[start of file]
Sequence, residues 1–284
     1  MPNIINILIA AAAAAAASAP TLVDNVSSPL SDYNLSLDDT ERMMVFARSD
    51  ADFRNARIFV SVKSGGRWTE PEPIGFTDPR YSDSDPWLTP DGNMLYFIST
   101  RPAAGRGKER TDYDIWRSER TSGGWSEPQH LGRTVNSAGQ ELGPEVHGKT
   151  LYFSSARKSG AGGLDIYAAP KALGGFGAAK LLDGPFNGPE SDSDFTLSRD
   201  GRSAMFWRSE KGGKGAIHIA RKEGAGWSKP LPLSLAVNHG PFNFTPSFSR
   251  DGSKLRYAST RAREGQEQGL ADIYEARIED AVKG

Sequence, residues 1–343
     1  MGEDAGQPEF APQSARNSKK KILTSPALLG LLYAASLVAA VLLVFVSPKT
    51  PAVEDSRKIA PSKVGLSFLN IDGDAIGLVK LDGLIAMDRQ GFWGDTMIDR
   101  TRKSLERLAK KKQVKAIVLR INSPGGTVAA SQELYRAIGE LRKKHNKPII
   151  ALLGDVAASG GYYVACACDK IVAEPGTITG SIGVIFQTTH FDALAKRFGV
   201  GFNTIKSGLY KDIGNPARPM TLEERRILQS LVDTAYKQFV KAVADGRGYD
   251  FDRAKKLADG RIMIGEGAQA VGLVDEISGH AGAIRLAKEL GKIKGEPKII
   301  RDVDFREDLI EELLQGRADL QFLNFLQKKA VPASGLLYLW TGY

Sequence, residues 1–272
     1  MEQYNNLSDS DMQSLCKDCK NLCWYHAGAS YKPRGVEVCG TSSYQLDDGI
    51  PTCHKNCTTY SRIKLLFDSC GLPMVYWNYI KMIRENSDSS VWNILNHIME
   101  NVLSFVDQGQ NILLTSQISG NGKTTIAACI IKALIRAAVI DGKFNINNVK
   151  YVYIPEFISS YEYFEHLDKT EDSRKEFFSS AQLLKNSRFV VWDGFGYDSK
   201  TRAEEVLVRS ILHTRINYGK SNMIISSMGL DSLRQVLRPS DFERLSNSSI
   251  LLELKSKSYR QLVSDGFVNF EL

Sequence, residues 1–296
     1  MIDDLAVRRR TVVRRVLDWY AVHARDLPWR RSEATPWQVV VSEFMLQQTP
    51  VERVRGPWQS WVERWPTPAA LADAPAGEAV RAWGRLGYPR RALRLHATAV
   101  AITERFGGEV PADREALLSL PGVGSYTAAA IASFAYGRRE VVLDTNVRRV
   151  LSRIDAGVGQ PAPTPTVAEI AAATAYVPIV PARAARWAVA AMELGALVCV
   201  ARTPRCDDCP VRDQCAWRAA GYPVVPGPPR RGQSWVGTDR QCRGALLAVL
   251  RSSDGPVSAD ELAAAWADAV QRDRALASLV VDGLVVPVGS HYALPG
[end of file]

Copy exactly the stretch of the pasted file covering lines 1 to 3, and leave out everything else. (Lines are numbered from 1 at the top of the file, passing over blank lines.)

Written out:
Sequence, residues 1–284
     1  MPNIINILIA AAAAAAASAP TLVDNVSSPL SDYNLSLDDT ERMMVFARSD
    51  ADFRNARIFV SVKSGGRWTE PEPIGFTDPR YSDSDPWLTP DGNMLYFIST